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How the Delta Variant Could Impact the Stock Market

Stocks finished up last week with the S&P 500 (SPY) and the Nasdaq composite hitting new highs. The week started down due to ongoing concerns about peak economic growth and worries about the delta variant of the coronavirus. Stocks tied to the reopening of the economy were the biggest losers. Worries over new regulatory measures in China also seemed to weigh on investor sentiment. But positive earnings surprises helped the market regain its footing over the rest of the week. I will delve deeper into how these factors could impact the markets this week in my commentary below…

(Please enjoy this updated version of my weekly commentary from the POWR Value newsletter).

While COVID is a concern, the latest earnings, economic, and employment data paint a better picture. Friday's jobs report was solid, with nonfarm payroll employment rising rose by 943,000 in July. This was above consensus estimates and the best figure since lockdowns were eased last summer.

The unemployment rate also fell by 0.5 percentage points to 5.4 percent, a new pandemic-era low. The Institute for Supply Management reported that service sector activity rose a record 64.1% in July, up from 60.1% in the previous month and beating the consensus forecast of 60.5%.

The service sector was led by hospitality and leisure activities. This was the largest beat in the history of the index

Earnings reports continue to beat as the blended EPS growth rate for the second quarter is 88.8%, compared to 63.0% at the end of the quarter. The term "blended" refers to the combination of actual and projected results that have not been reported.

In fact, more S&P 500 companies are beating earnings per share estimates for the second quarter than average, according to data from FactSet. The second quarter has been especially strong for the financial sector. This is good news for the economy as the sector is considered a bellwether of future financial growth.

It has also been a good quarter for lenders as they're writing more loans with the economy continuing to recover. Analysts at Goldman Sachs even boosted their S&P 500 targets for 2021 and 2022 due to corporate earnings growth surpassing expectations.

The bank increased its 2021 year-end S&P 500 target to 4,700 from 4,300. This represents a 6% gain for the index to the end of this year. Goldman also lifted its 2022 target to 4,900 from 4,600 due to low-interest rates.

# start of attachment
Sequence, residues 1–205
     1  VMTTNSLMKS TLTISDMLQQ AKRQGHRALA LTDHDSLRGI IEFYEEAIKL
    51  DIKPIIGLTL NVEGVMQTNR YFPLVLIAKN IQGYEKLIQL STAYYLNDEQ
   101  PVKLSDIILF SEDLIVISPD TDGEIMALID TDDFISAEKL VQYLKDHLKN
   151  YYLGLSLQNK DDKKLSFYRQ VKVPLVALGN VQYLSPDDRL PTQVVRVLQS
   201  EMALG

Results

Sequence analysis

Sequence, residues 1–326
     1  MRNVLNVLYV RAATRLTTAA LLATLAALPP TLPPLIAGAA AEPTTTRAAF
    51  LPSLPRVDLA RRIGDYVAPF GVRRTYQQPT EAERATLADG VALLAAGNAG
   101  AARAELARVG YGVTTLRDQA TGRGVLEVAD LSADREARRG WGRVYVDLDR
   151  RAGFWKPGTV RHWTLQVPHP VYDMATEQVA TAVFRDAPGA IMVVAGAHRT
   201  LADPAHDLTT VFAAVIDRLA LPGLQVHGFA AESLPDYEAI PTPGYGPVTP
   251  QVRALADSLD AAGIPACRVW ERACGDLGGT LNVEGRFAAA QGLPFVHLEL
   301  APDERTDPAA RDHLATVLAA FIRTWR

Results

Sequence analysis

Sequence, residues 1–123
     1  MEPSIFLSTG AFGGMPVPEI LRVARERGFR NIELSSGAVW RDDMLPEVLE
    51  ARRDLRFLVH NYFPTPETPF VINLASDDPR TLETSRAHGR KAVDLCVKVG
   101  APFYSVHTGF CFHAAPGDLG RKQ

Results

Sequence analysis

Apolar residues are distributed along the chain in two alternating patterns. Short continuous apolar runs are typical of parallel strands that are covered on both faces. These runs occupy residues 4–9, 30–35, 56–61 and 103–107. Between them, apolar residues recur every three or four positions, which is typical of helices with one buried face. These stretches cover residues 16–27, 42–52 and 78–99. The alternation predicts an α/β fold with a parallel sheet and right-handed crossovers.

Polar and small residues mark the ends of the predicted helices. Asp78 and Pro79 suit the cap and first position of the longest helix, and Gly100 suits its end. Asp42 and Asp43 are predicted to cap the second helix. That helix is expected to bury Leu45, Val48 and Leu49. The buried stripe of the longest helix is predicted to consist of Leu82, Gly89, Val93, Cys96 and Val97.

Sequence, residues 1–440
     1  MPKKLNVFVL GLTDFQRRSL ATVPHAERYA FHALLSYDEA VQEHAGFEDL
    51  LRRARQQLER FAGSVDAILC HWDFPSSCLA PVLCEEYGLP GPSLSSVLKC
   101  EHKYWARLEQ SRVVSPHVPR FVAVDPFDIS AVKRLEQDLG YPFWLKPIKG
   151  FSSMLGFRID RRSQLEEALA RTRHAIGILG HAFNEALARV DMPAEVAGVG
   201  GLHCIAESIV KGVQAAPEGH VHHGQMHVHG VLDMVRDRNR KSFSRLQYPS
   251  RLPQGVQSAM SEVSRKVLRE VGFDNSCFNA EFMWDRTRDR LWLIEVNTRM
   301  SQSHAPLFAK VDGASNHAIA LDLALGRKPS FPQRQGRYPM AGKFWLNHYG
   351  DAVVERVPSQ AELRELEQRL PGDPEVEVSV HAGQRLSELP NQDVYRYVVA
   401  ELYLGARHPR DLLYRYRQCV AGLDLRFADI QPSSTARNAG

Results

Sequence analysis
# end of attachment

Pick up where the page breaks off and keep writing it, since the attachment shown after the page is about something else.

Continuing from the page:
This brings us to COVID, where cases are still surging. With a healthcare crisis in many states, investors should remain bullish. First of all, stock prices are forward-looking and based on projected corporate earnings. And from what we are seeing, companies are killing it in the earnings game.

Still, though, we need to be cognizant. The highly transmissible Delta variant makes up most of the new cases leading to a rise in hospitalizations. The vaccine helped limit Delta's impact, but there is the potential for a drag on economic growth if restrictions are reintroduced.

Whether or not local governments implement any changes, I do expect individuals to make changes. As I mentioned last week, medical professionals are recommending masks, even for the vaccinated.

Still, we could see people going further and avoiding leaving the house to protect their unvaccinated children. This could result in less money being spent and could slow the recovery in the job market.

However, I am more concerned about supply chain disruptions though. In countries where the vaccine isn't as available, it could limit factory work, which would worsen shortages and put more pressure on prices.

But the good news is that I don't expect a repeat of last year as vaccination rates are starting to rise again, and it's not politically feasible for a return to full lockdowns. In terms of the market, this could lead to a continuation of the volatility we have seen. So, we need to stay the course.

 What To Do Next?

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All the Best!

David Cohne
Chief Value Strategist, StockNews
Editor, POWR Value Newsletter

SPY shares were trading at $442.78 per share on Tuesday afternoon, up $0.65 (+0.15%). Year-to-date, SPY has gained 19.21%, versus a % rise in the benchmark S&P 500 index during the same period.

About the Author: David Cohne

David Cohne has 20 years of experience as an investment analyst and writer. He is the Chief Value Strategist for and the editor of POWR Value newsletter. Prior to StockNews, David spent eleven years as a consultant providing outsourced investment research and content to financial services companies, hedge funds, and online publications. David enjoys researching and writing about stocks and the markets. He takes a fundamental quantitative approach in evaluating stocks for readers.


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